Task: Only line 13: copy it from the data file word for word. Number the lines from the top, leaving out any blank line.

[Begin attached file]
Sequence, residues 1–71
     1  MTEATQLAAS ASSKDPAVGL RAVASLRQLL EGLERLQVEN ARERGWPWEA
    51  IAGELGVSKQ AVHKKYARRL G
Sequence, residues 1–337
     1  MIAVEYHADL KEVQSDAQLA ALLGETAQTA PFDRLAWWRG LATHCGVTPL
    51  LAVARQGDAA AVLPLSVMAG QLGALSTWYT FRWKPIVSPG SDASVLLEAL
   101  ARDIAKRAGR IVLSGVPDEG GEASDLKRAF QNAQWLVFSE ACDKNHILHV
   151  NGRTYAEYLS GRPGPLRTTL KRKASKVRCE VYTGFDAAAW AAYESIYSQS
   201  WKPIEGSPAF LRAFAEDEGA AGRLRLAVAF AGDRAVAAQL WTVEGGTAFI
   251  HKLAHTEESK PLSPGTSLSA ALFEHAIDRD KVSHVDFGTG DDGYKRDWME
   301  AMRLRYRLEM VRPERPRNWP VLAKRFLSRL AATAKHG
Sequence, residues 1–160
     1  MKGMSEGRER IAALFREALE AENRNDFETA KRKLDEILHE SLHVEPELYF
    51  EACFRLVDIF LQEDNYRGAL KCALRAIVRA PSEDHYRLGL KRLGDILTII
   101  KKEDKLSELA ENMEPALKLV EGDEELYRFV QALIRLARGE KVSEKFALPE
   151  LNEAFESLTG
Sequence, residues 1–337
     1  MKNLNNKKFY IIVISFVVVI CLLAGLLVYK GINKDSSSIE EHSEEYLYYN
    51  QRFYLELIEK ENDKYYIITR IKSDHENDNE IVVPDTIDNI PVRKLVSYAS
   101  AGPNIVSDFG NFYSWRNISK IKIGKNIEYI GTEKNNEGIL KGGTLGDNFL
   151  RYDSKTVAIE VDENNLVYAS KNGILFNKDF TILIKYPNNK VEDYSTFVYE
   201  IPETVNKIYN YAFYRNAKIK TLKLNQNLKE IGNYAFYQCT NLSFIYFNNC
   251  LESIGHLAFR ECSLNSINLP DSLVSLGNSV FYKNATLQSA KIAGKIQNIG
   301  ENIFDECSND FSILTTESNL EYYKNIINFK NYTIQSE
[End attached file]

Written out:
     1  MKGMSEGRER IAALFREALE AENRNDFETA KRKLDEILHE SLHVEPELYF